You ask about the advantages of waiting to write about past events. One of the most exciting advantages of writing the book now is that over these decades, the field has grown so rich theoretically, and that has allowed me a range of theories, concepts, and language to work with that did not exist before. When I was first examining their behaviors, we didn’t really have the theoretical frameworks or the critical language to fully describe or understand what the boys were doing. Post-colonial studies, critical ethnography, language socialization, power and hegemony, decolonizing methodologies, agency, resistance and language ideologies didn’t yet exist as areas of study. I was better able to capture all aspects of their profound and complex story by relying more heavily on more recently developed ideas as central issues in telling their story. It was as if the field finally caught up to the boys!

AG: Ha, yes. We sometimes talk about scholars being “ahead of their time.” In this case, two five-year-olds proved “ahead of the scholars’ time”!

In that regard, in the Epilogue, you suggest that Kisisi offers pedagogical implications for language learning (including bilingual education) that could prove useful to teachers of students at various levels and in various contexts. Can you share some specific ideas you might have along those lines?

PG: Ethnographic inquiry about children’s language practices can inform and often enlighten educators. Ethnography can expose children’s language competencies that hide in plain sight, often unnoticed and unimagined. Kisisi can provide one ethnographic account of young children’s competencies that might help teachers look at their own students differently. Teachers might be encouraged to use an ethnographic lens in their own daily pedagogy. An ethnographic eye can reveal otherwise unseen or unrecognized competencies. Ethnographies like Kisisi can present strong counter-narratives to a dominant, destructive, deficit discourse that unfortunately persists in many educational settings. In a time when deficit arguments continue to hang heavy in US educational circles – fueled, for example, by the so-called “30 million word gap” research (Hart and Risley 1995, 2003), which falsely argues that low-income children in the U.S. at three years of age have been exposed to millions of fewer words than have been their wealthy counterparts – it’s a good time for teachers to use an ethnographic eye to confront the unequal power arrangements that obscure the potential linguistic talent, virtuosity, and strength we need to recognize and nurture in all children. By paying close attention and documenting children’s everyday talk, teachers can identify competencies and start to work from from a resource-rich stance rather than a deficit bias. All students come to schools with naturally creative and flexible multilingual and translanguaging capabilities. Colin and Sadiki are not unique. They demonstrate the fluid language abilities that all children are capable of. What is needed is a safe and respectful space to use language(s) in ways that enhance rather than threaten children’s identities and ideologies. When teachers create those meaningful contexts, language learning and use will flourish.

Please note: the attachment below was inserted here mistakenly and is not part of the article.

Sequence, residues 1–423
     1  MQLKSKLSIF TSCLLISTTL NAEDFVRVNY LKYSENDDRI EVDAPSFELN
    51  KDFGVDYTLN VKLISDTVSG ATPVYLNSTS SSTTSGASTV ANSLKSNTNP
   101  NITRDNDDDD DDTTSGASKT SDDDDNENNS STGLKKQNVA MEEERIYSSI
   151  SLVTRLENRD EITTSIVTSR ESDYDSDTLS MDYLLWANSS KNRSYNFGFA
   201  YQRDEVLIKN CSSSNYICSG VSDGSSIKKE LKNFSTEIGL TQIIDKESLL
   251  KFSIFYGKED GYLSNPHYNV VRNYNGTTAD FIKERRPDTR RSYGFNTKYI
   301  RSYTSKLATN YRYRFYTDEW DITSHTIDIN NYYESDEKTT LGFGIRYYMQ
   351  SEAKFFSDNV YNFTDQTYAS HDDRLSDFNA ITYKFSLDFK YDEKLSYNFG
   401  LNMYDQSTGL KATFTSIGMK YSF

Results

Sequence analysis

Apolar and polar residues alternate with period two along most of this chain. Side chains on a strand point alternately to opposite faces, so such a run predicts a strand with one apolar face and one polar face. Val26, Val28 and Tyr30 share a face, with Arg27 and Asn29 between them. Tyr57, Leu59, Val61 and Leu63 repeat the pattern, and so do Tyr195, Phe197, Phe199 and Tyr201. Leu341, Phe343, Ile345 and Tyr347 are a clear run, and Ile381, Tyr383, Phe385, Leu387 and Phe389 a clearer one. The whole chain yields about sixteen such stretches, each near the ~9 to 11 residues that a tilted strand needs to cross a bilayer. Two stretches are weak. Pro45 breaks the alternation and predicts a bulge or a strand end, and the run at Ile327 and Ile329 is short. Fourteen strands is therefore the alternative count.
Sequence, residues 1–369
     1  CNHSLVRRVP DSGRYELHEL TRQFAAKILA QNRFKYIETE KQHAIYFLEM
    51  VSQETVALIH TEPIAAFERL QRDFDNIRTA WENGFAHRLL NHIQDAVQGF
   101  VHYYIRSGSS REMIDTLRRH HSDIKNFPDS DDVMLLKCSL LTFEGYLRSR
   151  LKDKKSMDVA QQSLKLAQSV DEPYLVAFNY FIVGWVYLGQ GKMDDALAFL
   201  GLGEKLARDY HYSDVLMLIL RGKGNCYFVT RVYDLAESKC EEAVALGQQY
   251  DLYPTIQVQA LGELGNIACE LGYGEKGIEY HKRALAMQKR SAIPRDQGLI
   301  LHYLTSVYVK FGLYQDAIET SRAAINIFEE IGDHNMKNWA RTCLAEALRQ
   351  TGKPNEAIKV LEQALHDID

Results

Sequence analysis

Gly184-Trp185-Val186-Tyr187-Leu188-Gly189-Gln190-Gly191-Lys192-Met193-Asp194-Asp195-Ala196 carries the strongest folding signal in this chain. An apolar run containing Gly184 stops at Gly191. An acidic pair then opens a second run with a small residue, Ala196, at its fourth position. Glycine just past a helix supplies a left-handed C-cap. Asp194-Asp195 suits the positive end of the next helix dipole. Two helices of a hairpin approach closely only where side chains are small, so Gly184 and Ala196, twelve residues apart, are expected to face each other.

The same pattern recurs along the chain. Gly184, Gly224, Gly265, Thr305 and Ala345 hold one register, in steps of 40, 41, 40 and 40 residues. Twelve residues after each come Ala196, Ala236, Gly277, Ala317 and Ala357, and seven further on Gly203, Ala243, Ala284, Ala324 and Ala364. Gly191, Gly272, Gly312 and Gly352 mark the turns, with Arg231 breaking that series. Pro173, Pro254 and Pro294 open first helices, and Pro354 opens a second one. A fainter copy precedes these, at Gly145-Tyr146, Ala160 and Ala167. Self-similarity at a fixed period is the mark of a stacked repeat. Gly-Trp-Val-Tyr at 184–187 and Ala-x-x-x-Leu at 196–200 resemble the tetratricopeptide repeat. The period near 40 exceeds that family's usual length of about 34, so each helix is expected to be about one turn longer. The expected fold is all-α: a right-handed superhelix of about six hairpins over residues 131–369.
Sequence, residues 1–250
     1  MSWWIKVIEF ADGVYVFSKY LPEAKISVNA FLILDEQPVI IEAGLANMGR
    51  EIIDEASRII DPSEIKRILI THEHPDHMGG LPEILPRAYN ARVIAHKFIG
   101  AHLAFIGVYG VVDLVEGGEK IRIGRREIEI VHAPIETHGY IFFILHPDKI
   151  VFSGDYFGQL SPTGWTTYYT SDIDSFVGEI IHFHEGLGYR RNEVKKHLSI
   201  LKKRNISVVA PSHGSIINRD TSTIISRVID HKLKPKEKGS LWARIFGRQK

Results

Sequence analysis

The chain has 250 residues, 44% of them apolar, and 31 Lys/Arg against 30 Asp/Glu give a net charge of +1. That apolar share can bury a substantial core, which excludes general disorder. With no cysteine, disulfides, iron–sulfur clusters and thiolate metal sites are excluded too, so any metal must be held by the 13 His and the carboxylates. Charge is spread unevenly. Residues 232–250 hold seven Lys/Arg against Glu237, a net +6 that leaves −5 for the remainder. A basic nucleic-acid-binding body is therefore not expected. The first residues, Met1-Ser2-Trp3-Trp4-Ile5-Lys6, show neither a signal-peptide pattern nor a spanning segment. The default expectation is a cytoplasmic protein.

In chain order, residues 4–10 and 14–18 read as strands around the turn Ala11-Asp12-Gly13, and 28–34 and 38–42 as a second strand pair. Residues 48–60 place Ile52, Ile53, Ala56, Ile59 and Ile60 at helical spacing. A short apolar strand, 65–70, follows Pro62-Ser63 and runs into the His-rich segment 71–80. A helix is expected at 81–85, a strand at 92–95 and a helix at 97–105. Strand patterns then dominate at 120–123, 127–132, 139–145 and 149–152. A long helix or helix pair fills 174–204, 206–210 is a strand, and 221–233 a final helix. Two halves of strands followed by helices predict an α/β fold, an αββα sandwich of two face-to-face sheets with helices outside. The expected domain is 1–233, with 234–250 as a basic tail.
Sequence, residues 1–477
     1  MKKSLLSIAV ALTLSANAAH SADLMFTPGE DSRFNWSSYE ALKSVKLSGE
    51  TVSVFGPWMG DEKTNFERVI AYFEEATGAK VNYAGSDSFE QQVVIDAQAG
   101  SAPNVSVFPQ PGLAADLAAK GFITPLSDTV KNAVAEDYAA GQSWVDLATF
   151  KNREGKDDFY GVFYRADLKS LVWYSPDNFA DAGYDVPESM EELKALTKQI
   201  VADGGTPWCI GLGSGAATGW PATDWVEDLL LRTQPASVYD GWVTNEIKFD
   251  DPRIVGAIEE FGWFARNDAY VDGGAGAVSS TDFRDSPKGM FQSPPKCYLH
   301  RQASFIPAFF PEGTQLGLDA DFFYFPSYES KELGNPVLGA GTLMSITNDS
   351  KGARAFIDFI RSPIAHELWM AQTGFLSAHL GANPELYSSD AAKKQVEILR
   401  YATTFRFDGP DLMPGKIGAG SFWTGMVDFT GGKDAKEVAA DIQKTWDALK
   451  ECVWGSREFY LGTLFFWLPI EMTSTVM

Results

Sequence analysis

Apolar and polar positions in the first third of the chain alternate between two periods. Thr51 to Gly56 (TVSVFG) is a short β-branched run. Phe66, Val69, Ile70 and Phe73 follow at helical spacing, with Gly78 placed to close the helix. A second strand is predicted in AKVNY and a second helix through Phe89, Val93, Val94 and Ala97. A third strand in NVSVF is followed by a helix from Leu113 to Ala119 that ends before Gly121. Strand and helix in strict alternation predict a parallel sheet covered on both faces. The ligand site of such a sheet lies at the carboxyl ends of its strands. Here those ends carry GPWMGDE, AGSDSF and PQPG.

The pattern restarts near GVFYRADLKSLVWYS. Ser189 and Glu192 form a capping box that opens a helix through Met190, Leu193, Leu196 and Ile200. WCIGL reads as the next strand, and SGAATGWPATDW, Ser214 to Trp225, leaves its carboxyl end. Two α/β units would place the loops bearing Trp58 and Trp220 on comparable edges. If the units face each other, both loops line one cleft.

AG: Speaking of which . . . President Trump began his presidency with an executive order founded in deep suspicion of immigrants and refugees. Your book seems founded in the opposite aim: the urge to find the common humanity linking young children from radically different cultural traditions, historical contexts, economic resources, and life options. Have you had any reactions to your book from readers who might have approached it from something closer to Pres. Trump’s position of skepticism? More broadly, do you think your book, and others like it, can make inroads among those who hold deep convictions about the unbridgeable divides separating people via discourses of “otherness”?

PG: In an era of division, I have had very positive responses to Colin and Sadiki’s story. I believe the boys touch a place of hope and optimism in the hearts of those who have read the book. In this Trump era, Sadiki and Colin’s story reinforces a vision of building bridges, not walls. I think it sparks a yearning for deeper human connections with the “other.”
Colin and Sadiki Running in the Tall Grass w Perry Gilmore

Perry Gilmore, Colin and Sadiki walking through tall grasses

AG: Who do you hope will read this book—among scholars/students, policy makers/politicians, and the general public? What’s your fantasy for the impact that this book could have, if it were read by the right people?

PG: I hope a wide array of people will read the book. The two boys offer us a beautiful lesson in humanity. Love and play are at the heart of their creative language virtuosity and their healing, social justice transformations. I hope those who read the book will forever after watch all children with more awe and wonder! Linguists, anthropologist, educators, policy makers, and the general public can all find something in the book for them. The boys have left us a unique gift – a rare language legacy; and a human story of irrepressible expressive creativity and resilience in challenging the politics of language and oppression.

And, finally, I wrote this book as a memorial tribute to my son, Colin Gilmore, whose life was cut short by a drunk driver when he was only 18 years old. One clear hope of mine is that readers will remember Colin and the courageous and loving lessons he and his dear friend, Sadiki, left us.